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CHARLESTON -- A man was sentenced to prison Friday after he didn't show up in court after admitting to violations of his sentence for an earlier DUI conviction.

Thomas A. Carlson received an 18-month prison sentence for the charge of aggravated driving under the influence charge to which he pleaded guilty in January of last year.

With the agreement reached then, Carlson received the maximum probation term for the conviction, 2 1/2 years. However, he later faced resentencing after admitting violating his probation terms.

On Friday, Carlson, 54, whose most recent address on record is in Ozark in Johnson County in southern Illinois, was sentenced in absentia and Circuit Judge Brien O'Brien issued a no-bond warrant for his arrest.

Assistant State's Attorney Tom Bucher prosecuted the case and Public Defender Anthony Ortega represented Carlson.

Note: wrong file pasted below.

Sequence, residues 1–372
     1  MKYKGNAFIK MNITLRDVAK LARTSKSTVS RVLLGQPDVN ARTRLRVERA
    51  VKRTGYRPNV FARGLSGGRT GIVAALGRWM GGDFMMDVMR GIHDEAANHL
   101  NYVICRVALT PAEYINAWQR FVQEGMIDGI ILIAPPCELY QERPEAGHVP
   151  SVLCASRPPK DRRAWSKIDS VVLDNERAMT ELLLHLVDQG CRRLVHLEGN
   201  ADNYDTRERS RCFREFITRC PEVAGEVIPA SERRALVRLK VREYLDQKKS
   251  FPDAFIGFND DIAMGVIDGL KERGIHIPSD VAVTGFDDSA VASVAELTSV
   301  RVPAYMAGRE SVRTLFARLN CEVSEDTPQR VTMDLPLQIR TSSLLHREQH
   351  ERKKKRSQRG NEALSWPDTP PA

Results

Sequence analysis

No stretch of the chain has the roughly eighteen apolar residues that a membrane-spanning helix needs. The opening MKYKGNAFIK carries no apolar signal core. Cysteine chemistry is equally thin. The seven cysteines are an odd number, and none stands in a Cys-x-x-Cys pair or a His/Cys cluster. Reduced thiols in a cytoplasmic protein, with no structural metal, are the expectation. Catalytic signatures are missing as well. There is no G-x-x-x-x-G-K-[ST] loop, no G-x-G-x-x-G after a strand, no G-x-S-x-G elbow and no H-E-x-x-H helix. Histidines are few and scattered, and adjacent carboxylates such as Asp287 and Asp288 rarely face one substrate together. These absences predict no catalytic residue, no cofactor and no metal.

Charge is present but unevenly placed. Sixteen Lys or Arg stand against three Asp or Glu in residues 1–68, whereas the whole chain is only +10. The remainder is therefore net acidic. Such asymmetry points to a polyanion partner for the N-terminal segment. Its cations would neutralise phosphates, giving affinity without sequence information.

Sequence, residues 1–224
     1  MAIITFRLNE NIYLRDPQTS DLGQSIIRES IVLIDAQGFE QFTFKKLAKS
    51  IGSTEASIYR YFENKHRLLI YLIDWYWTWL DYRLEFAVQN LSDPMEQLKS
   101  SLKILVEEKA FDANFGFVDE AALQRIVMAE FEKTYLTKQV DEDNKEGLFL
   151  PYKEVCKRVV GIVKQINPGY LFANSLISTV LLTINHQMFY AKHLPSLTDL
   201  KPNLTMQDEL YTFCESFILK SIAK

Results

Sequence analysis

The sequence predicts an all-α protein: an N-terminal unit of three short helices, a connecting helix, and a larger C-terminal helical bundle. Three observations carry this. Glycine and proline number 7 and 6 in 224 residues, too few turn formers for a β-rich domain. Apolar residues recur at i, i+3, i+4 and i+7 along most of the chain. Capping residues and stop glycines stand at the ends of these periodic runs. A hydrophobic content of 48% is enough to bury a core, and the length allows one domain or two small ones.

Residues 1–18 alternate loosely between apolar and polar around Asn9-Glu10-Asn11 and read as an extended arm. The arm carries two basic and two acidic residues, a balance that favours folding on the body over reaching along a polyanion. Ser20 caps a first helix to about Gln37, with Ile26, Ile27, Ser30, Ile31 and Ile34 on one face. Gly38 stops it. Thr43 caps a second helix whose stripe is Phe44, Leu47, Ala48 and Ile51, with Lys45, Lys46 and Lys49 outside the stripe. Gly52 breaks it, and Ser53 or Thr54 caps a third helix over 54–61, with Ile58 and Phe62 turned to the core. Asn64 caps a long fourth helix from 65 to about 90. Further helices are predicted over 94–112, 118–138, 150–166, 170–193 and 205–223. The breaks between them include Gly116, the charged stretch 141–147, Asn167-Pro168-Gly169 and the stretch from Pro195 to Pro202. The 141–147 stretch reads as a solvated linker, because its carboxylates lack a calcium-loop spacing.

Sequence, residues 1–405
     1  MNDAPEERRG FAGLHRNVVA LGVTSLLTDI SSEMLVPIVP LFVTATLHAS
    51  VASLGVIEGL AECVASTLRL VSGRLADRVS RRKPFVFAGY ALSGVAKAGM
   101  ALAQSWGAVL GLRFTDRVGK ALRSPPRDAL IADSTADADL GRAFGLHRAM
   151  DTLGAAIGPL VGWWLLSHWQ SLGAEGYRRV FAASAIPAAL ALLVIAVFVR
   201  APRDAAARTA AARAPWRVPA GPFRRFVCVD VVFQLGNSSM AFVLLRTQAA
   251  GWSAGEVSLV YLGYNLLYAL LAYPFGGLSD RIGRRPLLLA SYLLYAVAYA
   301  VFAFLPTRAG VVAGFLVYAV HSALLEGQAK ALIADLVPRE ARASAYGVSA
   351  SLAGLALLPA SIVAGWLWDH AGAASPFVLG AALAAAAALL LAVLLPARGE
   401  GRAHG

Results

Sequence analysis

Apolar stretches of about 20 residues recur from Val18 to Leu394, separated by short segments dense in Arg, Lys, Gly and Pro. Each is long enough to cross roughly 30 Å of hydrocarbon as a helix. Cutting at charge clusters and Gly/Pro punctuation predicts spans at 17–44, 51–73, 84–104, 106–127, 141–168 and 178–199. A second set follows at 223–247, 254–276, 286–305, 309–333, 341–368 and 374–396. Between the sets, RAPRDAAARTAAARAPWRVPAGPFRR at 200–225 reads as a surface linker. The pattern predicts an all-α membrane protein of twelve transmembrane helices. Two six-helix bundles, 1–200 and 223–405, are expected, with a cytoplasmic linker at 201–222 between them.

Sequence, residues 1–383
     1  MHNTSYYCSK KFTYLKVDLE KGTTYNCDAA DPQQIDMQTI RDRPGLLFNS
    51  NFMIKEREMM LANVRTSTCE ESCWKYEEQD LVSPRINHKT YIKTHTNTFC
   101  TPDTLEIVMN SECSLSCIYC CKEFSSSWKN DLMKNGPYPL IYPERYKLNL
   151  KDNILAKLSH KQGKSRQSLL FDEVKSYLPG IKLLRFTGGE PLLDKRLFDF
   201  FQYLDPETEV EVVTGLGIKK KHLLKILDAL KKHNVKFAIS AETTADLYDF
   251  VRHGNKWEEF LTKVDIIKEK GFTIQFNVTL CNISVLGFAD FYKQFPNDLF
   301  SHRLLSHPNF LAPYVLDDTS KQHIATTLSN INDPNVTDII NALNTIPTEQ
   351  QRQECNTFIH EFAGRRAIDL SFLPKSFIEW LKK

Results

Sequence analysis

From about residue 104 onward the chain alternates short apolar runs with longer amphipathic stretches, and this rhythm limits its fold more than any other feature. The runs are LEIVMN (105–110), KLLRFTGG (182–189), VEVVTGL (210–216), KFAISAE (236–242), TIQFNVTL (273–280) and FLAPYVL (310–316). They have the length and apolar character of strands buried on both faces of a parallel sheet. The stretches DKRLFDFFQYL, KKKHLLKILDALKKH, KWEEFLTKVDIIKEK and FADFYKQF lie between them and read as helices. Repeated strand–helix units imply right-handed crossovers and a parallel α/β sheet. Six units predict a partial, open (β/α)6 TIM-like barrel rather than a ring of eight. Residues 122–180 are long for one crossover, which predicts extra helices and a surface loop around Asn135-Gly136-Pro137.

The charge to which Carlson pleaded guilty was in connection with a traffic stop in rural Coles County on July 22, 2014, and a prison sentence of one to three years was possible for the conviction.

Court records show that prosecutors filed a petition to revoke his probation in April.

When Carlson appeared in court for status hearing on Nov. 13, an alcohol breath test was ordered and he was ordered hospitalized after the results were known, records show. Carlson was also jailed for two weeks after that for contempt of court.

He then admitting to violating his probation terms later that month, making him subject to resentencing.

Carlson, whose address on record at the time of his arrest was in Crestwood in Cook County, was stopped for speeding on the Coles County Highway 18 Interstate 57 access road, according to records in his case.

At that time, his blood alcohol content was more than three times the limit for a DUI charge, the records showed.

Carlson's original guilty plea was to a charge that accused him of driving while intoxicated in a vehicle he knew wasn't covered by insurance. Another DUI charge alleging his license was revoked was dismissed.

Traffic offense citations also dismissed at that time included speeding, improper lane use and illegal transportation of alcohol.

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